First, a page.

KAISER HEALTH NEWS – The Biden administration’s covid shot requirement had been overturned by a Texas federal judge in January, but a new ruling has reinstated the mandate.
In other news, the Health and Human Services Department is looking for input on new environmental health proposals.
The Wall Street Journal: Appeals Court Reinstates Biden’s Vaccine Mandate For Federal Workers: A federal appeals court on Thursday reinstated the Biden administration’s Covid-19 vaccine requirement for federal employees, overturning a nationwide injunction by a Texas federal judge in January.
In a 2-1 ruling, the Fifth U.S. Circuit Court of Appeals in New Orleans held that it wasn’t the judiciary’s role to adjudicate the dispute but said unvaccinated workers seeking to avoid discipline first had to pursue their grievances through administrative channels. (Gershman, 4/7)
The Hill: Federal Appeals Court Upholds Biden Vaccine Mandate For Federal Workers: The 5th Circuit Court of Appeals’s 2-1 ruling reversed an earlier ruling by U.S. District Judge Jeffrey Brown, a Trump appointee in Texas, who in January blocked the mandate for federal workers.
The 5th Circuit Court further ordered that the district court dismiss the case. Judge Carl Stewart, writing for the majority opinion, said plaintiffs in the case could have challenged the vaccine mandate through the federal government’s internal process for federal workers. (Vakil and Dress, 4/7)
In other news from the Biden administration —
Modern Healthcare: HHS Seeks Input On Plan To Address Environmental Health Disparities: The Health and Human Services Department is seeking comments on whether its newest environmental health proposals adequately addresses the risks climate change poses to the health of underserved communities.
In a notice published Thursday, HHS outlines six strategies to tackle environmental health and climate-related hazards among low-income and historically marginalized communities. Those include expanding linguistic capabilities and cultural competence within the healthcare delivery system, developing community partnerships to coordinate social services organizations, funding research and measuring impact. (Hartnett, 4/7)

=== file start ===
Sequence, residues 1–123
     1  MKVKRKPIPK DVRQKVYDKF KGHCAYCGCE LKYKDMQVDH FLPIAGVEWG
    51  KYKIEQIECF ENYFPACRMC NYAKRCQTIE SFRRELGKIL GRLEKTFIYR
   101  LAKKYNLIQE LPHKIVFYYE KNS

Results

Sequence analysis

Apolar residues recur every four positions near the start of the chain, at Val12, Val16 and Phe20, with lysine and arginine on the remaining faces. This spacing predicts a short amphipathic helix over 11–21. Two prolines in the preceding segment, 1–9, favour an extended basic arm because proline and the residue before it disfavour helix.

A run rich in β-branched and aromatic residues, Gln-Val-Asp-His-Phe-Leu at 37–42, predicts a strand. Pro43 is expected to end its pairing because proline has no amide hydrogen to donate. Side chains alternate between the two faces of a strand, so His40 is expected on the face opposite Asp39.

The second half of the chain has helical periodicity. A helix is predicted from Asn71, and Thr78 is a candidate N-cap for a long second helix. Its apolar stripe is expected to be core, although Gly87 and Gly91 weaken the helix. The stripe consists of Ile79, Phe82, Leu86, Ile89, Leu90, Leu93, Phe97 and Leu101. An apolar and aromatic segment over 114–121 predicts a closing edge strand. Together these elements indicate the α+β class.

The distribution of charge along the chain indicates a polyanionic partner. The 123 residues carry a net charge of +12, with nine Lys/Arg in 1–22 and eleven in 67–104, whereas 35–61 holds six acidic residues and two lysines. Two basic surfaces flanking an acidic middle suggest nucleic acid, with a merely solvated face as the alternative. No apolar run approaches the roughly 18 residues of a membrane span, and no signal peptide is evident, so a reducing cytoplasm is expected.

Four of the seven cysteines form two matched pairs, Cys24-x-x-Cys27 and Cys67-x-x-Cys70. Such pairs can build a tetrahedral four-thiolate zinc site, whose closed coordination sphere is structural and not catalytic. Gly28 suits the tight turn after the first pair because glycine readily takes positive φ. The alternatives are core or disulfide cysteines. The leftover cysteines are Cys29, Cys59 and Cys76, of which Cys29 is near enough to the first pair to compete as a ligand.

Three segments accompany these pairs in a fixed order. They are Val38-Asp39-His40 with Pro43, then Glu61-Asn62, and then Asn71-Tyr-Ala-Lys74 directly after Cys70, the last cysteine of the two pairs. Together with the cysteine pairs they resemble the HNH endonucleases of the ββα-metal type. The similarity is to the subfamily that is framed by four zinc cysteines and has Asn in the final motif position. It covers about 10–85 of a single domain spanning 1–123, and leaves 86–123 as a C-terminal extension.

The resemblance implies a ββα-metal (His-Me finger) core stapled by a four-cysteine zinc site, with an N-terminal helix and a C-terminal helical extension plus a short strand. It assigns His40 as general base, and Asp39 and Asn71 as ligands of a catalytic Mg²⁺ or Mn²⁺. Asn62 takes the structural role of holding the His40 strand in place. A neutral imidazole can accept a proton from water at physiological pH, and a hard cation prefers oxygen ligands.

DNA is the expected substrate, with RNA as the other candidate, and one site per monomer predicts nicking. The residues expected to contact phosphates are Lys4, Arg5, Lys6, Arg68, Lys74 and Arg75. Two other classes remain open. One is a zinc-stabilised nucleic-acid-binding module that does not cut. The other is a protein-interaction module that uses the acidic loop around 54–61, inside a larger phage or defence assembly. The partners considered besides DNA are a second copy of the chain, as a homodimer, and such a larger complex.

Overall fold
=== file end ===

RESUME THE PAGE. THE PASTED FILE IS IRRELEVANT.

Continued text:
Stat: Cities, States Lobby For New ARPA-H Headquarters: The Biden administration’s new high-stakes research office has a name, an official place within government, and a billion dollars in funding.
But ARPA-H still lacks a home. Now, with a bonanza of federal cash at stake — and lawmakers making clear they want the new agency’s headquarters located far from the Beltway — cities and states across the country find themselves in a bidding war. (Facher, 4/8)
On the Affordable Care Act —
Axios: Affordable Care Act Subsidy Cliff Hits Southern States Hardest: A disproportionate share of young adults, low-income, Black Americans and residents of Southern states will lose health coverage if Congress doesn’t extend enhanced Affordable Care Act subsidies, according to a new analysis by the Robert Wood Johnson Foundation.
...article continued below
- Advertisement -
The analysis estimates that 3.1 million Americans would become uninsured when the subsidies expire beginning next year, and millions more would face much higher premiums than they currently pay. But those effects wouldn’t be felt evenly across the country. (Owens, 4/8)
KHN: KHN’s ‘What The Health?’: Finally, A Fix For The ‘Family Glitch’: The Biden administration this week moved to fix the so-called family glitch in the Affordable Care Act, which has prevented dependents from getting federal subsidies to buy health insurance even if the insurance offered by the employer is unaffordable.
It remains unclear, however, whether this is something that can be done by regulation or instead requires congressional action. (4/7)
This is part of the KHN Morning Briefing, a summary of health policy coverage from major news organizations. Sign up for an email subscription.